In the Picket Family Video Gallery, Floor 2L
Regina José Galindo has become a world-renowned artist for her impactful denunciation of gender and racial violence. La Sombra (The Shadow) is a video-performance that was commissioned for Documenta 14 in Kassel, Germany, one of the world’s leading exhibitions of contemporary art.
In one regard, the work underscores Germany’s complicity in the arms industry by highlighting the fact that it is one of the largest weapons manufacturers in the world. Besides being a critique of the state’s use of force and its dependence on the economy of war, La Sombra also speaks to the constant sensation of persecution that has become both prevalent and naturalized in our day-to-day existence. In this sense, and by directly addressing Europe’s political and social turmoil, Galindo’s performance embodies the fragility and vulnerability of the body in the midst of a critical refugee crisis and changing racial politics. Running in front of a tank, Galindo’s body becomes a gendered metaphor for women’s everyday reality. While the tank may suggest a particular kind of enemy, the artist is running from the endless cycle of violence that is perpetuated against women across many spheres of life, most specifically within conflict zones.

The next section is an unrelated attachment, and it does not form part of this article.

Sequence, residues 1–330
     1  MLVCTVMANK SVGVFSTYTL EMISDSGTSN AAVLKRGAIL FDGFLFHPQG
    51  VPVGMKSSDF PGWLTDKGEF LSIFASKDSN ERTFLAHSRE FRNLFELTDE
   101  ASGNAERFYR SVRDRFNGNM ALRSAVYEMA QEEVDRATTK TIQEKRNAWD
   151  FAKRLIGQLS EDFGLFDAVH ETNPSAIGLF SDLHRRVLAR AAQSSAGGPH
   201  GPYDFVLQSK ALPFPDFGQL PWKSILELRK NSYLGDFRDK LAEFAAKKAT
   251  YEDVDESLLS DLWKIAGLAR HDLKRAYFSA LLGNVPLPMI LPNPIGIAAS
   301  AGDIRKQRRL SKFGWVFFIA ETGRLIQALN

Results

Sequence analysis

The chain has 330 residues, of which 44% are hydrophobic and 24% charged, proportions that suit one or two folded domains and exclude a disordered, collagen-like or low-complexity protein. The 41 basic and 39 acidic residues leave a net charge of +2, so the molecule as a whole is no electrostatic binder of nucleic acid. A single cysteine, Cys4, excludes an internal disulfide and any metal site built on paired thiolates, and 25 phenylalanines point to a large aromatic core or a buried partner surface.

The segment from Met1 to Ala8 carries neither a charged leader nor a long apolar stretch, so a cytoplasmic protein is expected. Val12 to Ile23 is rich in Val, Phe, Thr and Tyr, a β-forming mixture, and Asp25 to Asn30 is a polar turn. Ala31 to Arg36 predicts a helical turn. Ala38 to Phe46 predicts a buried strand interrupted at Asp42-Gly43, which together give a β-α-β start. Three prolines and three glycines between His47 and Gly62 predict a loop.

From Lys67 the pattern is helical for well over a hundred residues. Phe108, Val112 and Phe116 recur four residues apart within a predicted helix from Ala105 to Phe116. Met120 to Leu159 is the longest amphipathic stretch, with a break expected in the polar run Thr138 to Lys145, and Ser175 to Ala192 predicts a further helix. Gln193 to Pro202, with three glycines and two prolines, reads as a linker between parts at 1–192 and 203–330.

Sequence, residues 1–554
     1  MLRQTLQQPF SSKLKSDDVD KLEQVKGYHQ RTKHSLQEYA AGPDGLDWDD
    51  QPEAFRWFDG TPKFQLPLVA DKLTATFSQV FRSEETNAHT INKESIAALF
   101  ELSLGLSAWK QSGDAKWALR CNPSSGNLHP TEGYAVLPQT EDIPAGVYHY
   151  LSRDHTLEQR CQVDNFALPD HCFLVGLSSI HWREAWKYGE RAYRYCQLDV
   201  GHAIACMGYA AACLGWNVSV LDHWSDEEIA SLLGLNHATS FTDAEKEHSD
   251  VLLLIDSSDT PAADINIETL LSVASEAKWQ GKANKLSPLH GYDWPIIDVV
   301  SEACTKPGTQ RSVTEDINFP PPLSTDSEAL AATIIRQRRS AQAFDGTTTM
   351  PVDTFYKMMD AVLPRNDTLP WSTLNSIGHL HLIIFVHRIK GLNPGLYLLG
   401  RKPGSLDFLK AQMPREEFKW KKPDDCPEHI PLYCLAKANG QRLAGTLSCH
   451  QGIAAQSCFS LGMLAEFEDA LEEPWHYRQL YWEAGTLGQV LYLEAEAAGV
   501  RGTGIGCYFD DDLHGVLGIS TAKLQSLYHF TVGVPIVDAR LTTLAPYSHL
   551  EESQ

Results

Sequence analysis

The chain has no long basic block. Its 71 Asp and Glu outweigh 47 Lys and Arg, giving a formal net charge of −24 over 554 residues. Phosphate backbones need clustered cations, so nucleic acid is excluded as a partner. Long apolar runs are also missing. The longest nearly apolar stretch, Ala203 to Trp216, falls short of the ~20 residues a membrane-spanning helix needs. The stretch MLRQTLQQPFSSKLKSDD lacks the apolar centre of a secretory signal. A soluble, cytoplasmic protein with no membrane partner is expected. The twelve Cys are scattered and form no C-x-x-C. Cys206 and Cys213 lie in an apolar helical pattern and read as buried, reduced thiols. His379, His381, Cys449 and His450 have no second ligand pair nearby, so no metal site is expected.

Initially confronting the ongoing oppression experienced in her native Guatemala, Galindo first became a strong advocate of women’s rights and social justice. Earlier performances like Quién puede borrar las huellas? (Who Can Erase the Traces?) from 2003 and (279) Golpes (Blows) from 2005 delineate Galindo’s recurrent attention to the female body as the territory where the boundaries between the human and the inhuman are constantly being waged. However, her increasing international status has enabled her to highlight how the power asymmetries that uphold the systematic persecution of racialized and gendered bodies is, in essence, a global phenomenon.
—Sara Garzón, PhD candidate (History of Art)